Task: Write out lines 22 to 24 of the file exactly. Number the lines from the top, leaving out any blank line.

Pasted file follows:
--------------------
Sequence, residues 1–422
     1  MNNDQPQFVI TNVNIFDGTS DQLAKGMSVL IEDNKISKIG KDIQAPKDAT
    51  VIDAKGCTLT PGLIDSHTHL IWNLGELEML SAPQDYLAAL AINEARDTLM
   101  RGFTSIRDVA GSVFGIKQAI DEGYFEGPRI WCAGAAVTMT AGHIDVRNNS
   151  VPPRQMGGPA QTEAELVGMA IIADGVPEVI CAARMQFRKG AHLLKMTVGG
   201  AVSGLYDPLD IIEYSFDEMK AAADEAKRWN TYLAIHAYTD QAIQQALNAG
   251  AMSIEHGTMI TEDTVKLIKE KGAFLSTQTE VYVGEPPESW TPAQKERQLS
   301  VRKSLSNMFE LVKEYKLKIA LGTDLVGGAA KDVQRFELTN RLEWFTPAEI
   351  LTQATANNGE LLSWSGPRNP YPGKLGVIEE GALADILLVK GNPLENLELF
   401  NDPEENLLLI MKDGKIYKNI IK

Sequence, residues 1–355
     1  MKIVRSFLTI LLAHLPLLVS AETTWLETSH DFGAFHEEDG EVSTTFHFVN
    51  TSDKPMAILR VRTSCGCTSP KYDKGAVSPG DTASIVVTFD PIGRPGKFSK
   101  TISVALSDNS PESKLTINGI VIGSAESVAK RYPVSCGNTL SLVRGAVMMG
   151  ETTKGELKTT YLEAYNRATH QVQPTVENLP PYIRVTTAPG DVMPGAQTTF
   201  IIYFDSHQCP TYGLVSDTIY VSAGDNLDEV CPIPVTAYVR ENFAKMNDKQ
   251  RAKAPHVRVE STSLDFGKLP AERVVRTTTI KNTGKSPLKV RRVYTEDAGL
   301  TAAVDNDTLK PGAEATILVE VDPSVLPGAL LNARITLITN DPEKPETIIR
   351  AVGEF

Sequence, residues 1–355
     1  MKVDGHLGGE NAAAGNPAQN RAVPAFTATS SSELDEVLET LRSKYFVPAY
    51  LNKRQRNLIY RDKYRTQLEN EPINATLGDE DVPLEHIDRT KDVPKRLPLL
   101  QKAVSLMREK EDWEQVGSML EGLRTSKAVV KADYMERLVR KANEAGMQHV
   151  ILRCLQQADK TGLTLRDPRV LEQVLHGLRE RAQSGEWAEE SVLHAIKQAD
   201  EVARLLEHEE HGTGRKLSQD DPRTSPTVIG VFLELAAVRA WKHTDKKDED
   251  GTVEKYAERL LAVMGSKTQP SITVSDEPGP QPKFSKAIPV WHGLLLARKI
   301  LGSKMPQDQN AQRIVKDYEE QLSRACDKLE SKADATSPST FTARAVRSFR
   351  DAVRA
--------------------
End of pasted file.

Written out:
    51  LNKRQRNLIY RDKYRTQLEN EPINATLGDE DVPLEHIDRT KDVPKRLPLL
   101  QKAVSLMREK EDWEQVGSML EGLRTSKAVV KADYMERLVR KANEAGMQHV
   151  ILRCLQQADK TGLTLRDPRV LEQVLHGLRE RAQSGEWAEE SVLHAIKQAD